If you’re a writer and you’re reading this post, then you know that being a writer is darn hard! Relying on yourself to set your own deadlines and priorities, and then to hold yourself to them, is no walk in the park. It’s hard to carve out your own time amongst all the other things life imposes on you. Grocery shopping, meal prep, laundry, balancing your budget, chauffeuring the kids here and there, cleaning… it never ends. And unfortunately, as just about every writer knows, it’s easy to push out your valuable writing time and let those other tasks creep in and take over.
For me (and I don’t think I’m alone here), there is another factor which makes being a writer hard. All of those tasks that I have to do in a day? They’re more or less mindless. I can fold laundry while Netflixing. I can balance my budget while chatting with my family. Writing, however, requires a hefty amount of brain energy. It takes a lot of mental focus to sit down and write, and I burn through a hell of a lot of neuron fuel doing it—so much so that sometimes doing these other mindless tasks becomes more palatable.
And yet, I cannot escape the fact that I can literally put a price on my writing time—that is, after all, how I make my living. You would think that would be enough of a motivator. Sadly, though, it’s a constant struggle. That’s not to say, however, that I haven’t developed strategies to overcome that struggle.
Neglect Everything Else
Joe Fassler, writing for Lithub, sums up the crux of that strategy well when he says “It starts with a simple fact: If you’re not making the time to write, no other advice can help you. Which is probably why so many of the writers I talk to seem preoccupied with time-management. ‘You probably have time to be a halfway decent parent and one other thing,’ David Mitchell, the author of Cloud Atlas, told me. That can mean mustering the grit to let other responsibilities languish. As he put it in short: ‘Neglect everything else.’”
Neglect everything else. Makes sense, but… what exactly does that mean? And how practical is it to do so?
Here’s how I interpret that piece of wisdom. Neglecting everything else does not mean letting your life fall apart around you and spending all your time writing. Instead, it’s identifying when your writing time is, and keeping it sacred. For me, that writing time is after breakfast. I have about two good hours in a day when my brain function is at its highest, and that is in the morning. It’s when my focus is laser sharp and my synapses are firing on all cylinders. So those approximate two hours in the morning are the time which I make sacred for writing. Without fail (well, almost; one never knows what wrench life will thrown in one’s schedule, after all).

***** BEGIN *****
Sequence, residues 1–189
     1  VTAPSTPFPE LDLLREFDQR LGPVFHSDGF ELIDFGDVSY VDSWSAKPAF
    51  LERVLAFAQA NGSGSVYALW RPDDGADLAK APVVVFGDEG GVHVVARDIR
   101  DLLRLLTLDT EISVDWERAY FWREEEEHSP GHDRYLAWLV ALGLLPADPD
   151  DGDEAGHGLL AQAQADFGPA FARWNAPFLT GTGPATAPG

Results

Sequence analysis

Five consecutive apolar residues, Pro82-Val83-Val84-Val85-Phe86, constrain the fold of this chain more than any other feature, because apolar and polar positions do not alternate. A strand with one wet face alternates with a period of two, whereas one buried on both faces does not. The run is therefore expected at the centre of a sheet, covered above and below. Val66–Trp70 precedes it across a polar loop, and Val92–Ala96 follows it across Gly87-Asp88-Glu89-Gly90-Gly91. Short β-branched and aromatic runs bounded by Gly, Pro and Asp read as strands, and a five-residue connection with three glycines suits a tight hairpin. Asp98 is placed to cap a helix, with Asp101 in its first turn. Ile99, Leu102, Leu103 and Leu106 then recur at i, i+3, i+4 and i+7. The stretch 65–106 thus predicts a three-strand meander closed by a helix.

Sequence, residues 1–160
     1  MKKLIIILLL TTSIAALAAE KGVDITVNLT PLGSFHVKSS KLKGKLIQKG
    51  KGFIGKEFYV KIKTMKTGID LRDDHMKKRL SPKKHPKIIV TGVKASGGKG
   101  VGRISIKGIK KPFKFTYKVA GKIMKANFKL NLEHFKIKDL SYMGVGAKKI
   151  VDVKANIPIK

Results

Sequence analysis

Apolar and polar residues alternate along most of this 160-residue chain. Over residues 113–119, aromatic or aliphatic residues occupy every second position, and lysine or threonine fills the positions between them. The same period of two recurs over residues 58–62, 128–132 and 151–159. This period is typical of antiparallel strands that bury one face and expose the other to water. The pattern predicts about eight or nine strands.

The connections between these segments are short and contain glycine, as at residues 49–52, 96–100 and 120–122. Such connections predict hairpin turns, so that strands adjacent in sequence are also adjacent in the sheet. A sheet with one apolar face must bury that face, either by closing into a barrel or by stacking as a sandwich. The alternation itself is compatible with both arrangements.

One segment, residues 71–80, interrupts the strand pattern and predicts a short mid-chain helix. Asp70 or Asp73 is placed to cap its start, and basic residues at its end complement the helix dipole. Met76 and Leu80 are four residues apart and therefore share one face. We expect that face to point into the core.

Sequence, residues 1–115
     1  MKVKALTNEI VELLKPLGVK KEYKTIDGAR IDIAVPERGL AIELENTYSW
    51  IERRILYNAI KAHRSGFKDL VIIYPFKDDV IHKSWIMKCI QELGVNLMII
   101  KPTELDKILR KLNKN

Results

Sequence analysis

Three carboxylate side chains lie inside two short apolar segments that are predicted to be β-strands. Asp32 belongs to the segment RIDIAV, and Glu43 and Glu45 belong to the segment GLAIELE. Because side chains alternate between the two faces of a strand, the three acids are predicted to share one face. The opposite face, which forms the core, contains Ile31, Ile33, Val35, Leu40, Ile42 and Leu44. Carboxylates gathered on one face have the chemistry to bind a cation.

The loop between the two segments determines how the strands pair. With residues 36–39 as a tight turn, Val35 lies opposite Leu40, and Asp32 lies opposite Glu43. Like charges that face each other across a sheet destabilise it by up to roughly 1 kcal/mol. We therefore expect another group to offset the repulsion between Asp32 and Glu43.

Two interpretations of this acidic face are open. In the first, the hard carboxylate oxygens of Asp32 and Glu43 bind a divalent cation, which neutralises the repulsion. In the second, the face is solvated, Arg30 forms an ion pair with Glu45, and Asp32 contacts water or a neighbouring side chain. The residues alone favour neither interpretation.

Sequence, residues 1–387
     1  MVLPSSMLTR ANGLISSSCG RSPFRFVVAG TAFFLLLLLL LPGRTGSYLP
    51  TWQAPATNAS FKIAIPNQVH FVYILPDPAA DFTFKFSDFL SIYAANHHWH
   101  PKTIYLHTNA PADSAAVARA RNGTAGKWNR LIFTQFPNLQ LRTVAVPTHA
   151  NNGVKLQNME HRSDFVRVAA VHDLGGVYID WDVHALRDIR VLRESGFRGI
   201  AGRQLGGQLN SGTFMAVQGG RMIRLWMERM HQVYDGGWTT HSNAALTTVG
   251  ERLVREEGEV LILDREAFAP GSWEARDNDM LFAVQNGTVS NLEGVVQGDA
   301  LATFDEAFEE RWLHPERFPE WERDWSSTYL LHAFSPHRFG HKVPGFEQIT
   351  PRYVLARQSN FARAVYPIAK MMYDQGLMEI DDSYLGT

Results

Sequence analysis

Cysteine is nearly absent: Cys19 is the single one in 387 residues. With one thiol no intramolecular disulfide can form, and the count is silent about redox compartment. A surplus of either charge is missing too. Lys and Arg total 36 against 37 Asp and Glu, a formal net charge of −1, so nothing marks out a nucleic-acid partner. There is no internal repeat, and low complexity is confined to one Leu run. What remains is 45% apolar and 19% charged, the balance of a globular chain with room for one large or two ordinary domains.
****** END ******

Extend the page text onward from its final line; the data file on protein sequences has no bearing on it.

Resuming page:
Scheduling the Whole Day
To help me keep that writing time sacred, and to keep all other thoughts of all other stuff to do at bay, I have another strategy: I schedule the rest of my day around my writing. Those tasks and things and stuff and mindless busy-ness? I keep that time sacred, too. Planning out what I need to do and when I am going to do it makes it easier for me to digest that these things will get done in their appropriate time slot. I have a plan of action for tackling the “other” which allows me to focus on “primary” – i.e. writing – when it is time to do so.
Usually, I identify the other things I need to get done in a day the night before. Tomorrow, for example, there is not much demand on my time, but I do have laundry piling up. And I find that a good, definitive end to my writing time is marked by exercise. I’ve been at my desk, hunched over my computer for up to two hours. My body and my mind naturally need a stretch at that point. This is when I will go for a run, or do about an hour of strength training. After that, I will make lunch and have a bit of down time with YouTube. Next, I’ll sort the laundry and get it into the machine. While the laundry is going, I will work on my next blog post and my social media posts. That should take me up until about 4:30 or so, at which point I switch over to making dinner (which I also planned out the night before).
As you can see from this sample day, I know what it is I’m going to do, and I’ve blocked out the time to do it. I won’t be paying attention to all of the laundry that’s piled in our family’s multiple hampers, and I won’t be fretting about the writing I’m not doing while I’m keeping my family in clean clothes.
Obviously, my schedule changes day to day – and so does yours. Laundry gets replaced by grocery shopping, or a conference call, or yard work. There is always something. But by keeping that writing time sacred, you get your writing done without letting it overwhelm you, because you have all those other things slotted into their sacred time as well.
With that said, I leave on this quote by Peter De Vries which summarizes, in one eloquent paragraph, what I’ve just babbled on about in over 800 words…
“I only write when I’m inspired, so I see to it that I’m inspired every morning at nine o’clock.”
Do you make your writing time sacred? What tips and tricks do you have to help you?